Pastor’s wife problems: Getting slapped on the behind after your husband’s sermon while the congregant calls out, “Good message from Kris today”. Almost like “good game” after a sporting event.
Woman pastor’s problems: Getting grabbed by the face after your sermon and pulled nose-to-nose with a congregant while she gruffly declares, “I don’t believe in women pastors!”
I’m 32, an ordained reverend, a pastor’s wife, and the co-pastor of a church plant. God called me to preach and pastor long before I knew that God’s call and peoples’ opinions don’t always jive. Before I knew that many people feel preaching and pastoring are not roles women can hold. In the pursuit of my calling, however, I have seen these unfortunate truths play out more times than I care to talk about. I have been turned down from ministry positions, sent degrading emails, and told to my face I would not be respected as a pastor all on the basis of my gender.
I used to spend a lot of time trying to defend myself. I wrote papers laying out the theology behind accepting women as pastors and preachers. I read books such as Four Views of Women and Ministry and How I Changed My Mind About Women In Leadership. I argued about Miriam, Deborah, Huldah (my personal favorite), Priscilla, Junia, and the way Jesus interacted with women. I’d throw out questions like, “Why can women serve as missionaries but not as pastors?” and “If we are going to adhere strictly to the ‘women should be silent in churches’ verse (1 Cor. 14:34), why do we still allow them to teach children, teens, and other women?”
But I came to realize that defending myself is often futile. First, the people who want to argue want just that: to argue. Second, my calling was never to convince people of my legitimacy. (Though I do believe some women and men are called to be a prophetic voice on this topic.) My calling is to preach and to pastor and leave the heart change to the Holy Spirit.
Now, if we were sitting down together having coffee you might ask me, “How can a woman preach and pastor if people reject her calling and her legitimacy?” Or, making it more personal, “How can I preach and pastor if they don’t affirm me?”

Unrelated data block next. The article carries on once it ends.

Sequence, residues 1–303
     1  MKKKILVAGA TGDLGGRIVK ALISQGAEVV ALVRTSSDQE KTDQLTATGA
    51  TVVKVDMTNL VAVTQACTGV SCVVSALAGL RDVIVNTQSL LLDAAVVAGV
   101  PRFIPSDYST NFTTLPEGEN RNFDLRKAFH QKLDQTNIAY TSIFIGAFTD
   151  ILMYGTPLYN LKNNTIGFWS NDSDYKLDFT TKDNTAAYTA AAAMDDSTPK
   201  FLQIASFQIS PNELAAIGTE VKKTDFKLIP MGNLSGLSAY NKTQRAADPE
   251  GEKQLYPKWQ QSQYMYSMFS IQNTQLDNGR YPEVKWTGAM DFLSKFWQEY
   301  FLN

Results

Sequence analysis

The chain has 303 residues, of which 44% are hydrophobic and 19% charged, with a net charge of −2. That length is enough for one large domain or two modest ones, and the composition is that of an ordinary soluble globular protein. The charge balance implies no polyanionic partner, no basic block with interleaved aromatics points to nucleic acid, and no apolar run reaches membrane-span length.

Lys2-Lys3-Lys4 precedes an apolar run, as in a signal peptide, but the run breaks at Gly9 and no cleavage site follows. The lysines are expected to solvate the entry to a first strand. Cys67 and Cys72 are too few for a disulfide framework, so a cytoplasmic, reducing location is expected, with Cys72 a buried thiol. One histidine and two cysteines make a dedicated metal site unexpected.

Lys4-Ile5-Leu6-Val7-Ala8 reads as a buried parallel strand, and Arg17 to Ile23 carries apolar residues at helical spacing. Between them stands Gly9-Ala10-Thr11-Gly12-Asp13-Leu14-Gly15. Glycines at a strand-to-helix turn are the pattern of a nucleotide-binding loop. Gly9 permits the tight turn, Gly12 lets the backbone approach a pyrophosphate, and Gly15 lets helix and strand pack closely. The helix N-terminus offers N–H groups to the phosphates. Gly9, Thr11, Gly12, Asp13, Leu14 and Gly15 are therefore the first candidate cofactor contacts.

Lean in close, friends – this is profound… You do it anyway. You do the work, you join a church that supports women in ministry, you start a blog, you create a podcast, you stand on the street corner and “set yourself on fire and let yourself burn” (a quote often attributed to John Wesley). Wesley promises that people will come from all over to watch. The truth is this: You are accountable to God, not people. What if the heroes of the Bible would have folded when people didn’t acknowledge their legitimacy? No ark. No Exodus. No King David. No Queen Esther. Mary wouldn’t have given birth to Jesus. No cross and no resurrection.
Here is what I know: Never let the opinions of others keep you from becoming the person God called you to be. Never let the opinions of others keep you from doing the ministry God called you to do. Your sanctification requires it and others’ salvation depends on it.
So, for the women just beginning this journey, for the women who are contemplating quitting, and for the women in the back who have the crazy idea that God just might be calling them, here are six suggestions on how to preach and pastor anyway:
1. Confirm your calling with God.
This is the affirmation you will need, especially when things get tough. It will be a pivotal moment you will come back to over and over in your ministry.
2. Study what the Bible says about women.
The only way to put this is to be smart. You should be able to articulately teach the scriptures and God’s missional use of women. People will question you, and if you want to be taken seriously you have to know your stuff.
3. Seek out a denomination/church that values women in leadership.
I have seen people with the call to pastor and preach waste their time in denominations that do not affirm them. They end up stifled, underutilized, and often bitter because deep in their soul they know God created them for more. Time is short…why waste it?
4. Walk through the open doors.
Most likely you know or will know the feeling of standing on the outside of many doors wondering if you will ever be able to do the thing you were created for. It is easy to continue standing at those doors, knocking (maybe even trying to kick them in) hoping they will open. Remember this: If God has called you, God will open doors for you.
I was recently with a group of women pastors. As we shared our experiences of ordination, the one theme that consistently stood out was that God was our advocate. We all could clearly see where God had stepped in, opened doors, and given us positions to preach and pastor.
5. Make friends with other women pastors.
I can’t stress enough how valuable this one has been in my life so I will just list some of the benefits: camaraderie, wisdom, encouragement, shared experiences, networking, inspiration, soul care, and mentorship. It can be easy to fall into the mindset that you are alone on this journey. You’re not. The journey is a lot more fun with friends, and the burden is a lot lighter.
6. Take people with a grain of salt, and remember the Holy Spirit’s ability to change hearts.
Remember the lady I told you about at the beginning? The one who grabbed my face and told me she didn’t believe in women preachers? She followed it up with this statement: “But WOW! God spoke through you.” So don’t worry about your defense and don’t look at people. Look at the work God has done in you and through you and continue to preach and pastor anyway.